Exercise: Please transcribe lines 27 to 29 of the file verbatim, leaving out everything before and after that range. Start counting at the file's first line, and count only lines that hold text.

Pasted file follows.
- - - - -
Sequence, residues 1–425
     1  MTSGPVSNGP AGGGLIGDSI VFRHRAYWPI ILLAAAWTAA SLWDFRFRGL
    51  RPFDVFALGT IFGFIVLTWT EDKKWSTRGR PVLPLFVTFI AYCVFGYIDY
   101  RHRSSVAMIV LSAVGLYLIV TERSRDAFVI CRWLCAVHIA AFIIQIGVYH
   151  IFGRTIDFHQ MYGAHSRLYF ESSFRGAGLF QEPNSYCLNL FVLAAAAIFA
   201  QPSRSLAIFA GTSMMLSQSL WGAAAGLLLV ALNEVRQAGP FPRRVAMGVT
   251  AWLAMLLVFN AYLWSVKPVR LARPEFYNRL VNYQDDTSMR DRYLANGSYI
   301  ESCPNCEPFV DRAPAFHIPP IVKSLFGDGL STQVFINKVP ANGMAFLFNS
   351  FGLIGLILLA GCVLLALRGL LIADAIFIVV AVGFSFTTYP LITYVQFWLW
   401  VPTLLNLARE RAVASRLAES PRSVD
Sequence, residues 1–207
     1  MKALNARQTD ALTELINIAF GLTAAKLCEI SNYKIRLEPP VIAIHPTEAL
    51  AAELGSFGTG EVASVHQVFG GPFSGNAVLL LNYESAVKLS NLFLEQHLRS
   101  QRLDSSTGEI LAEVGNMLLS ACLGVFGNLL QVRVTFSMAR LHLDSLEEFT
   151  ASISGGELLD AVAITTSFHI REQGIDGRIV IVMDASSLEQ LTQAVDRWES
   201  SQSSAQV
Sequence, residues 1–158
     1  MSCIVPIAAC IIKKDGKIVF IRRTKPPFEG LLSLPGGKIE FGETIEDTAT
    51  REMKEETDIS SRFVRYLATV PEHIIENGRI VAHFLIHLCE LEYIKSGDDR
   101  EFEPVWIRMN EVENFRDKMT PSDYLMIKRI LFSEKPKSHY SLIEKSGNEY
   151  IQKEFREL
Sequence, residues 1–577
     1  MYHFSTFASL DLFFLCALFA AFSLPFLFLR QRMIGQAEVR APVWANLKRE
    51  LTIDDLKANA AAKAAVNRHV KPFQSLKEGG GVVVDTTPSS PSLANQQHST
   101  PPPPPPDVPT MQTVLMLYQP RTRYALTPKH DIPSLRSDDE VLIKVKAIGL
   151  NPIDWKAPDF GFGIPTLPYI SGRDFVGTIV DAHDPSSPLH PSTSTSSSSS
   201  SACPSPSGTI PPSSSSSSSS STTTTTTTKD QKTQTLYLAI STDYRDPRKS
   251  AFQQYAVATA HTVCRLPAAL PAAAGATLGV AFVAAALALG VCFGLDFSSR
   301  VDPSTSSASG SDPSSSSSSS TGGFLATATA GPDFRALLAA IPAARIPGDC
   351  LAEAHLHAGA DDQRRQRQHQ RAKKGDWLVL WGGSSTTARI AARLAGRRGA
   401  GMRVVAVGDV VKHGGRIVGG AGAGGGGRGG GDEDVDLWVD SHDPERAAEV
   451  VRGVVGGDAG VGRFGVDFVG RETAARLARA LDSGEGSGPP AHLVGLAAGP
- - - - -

   201  SACPSPSGTI PPSSSSSSSS STTTTTTTKD QKTQTLYLAI STDYRDPRKS
   251  AFQQYAVATA HTVCRLPAAL PAAAGATLGV AFVAAALALG VCFGLDFSSR
   301  VDPSTSSASG SDPSSSSSSS TGGFLATATA GPDFRALLAA IPAARIPGDC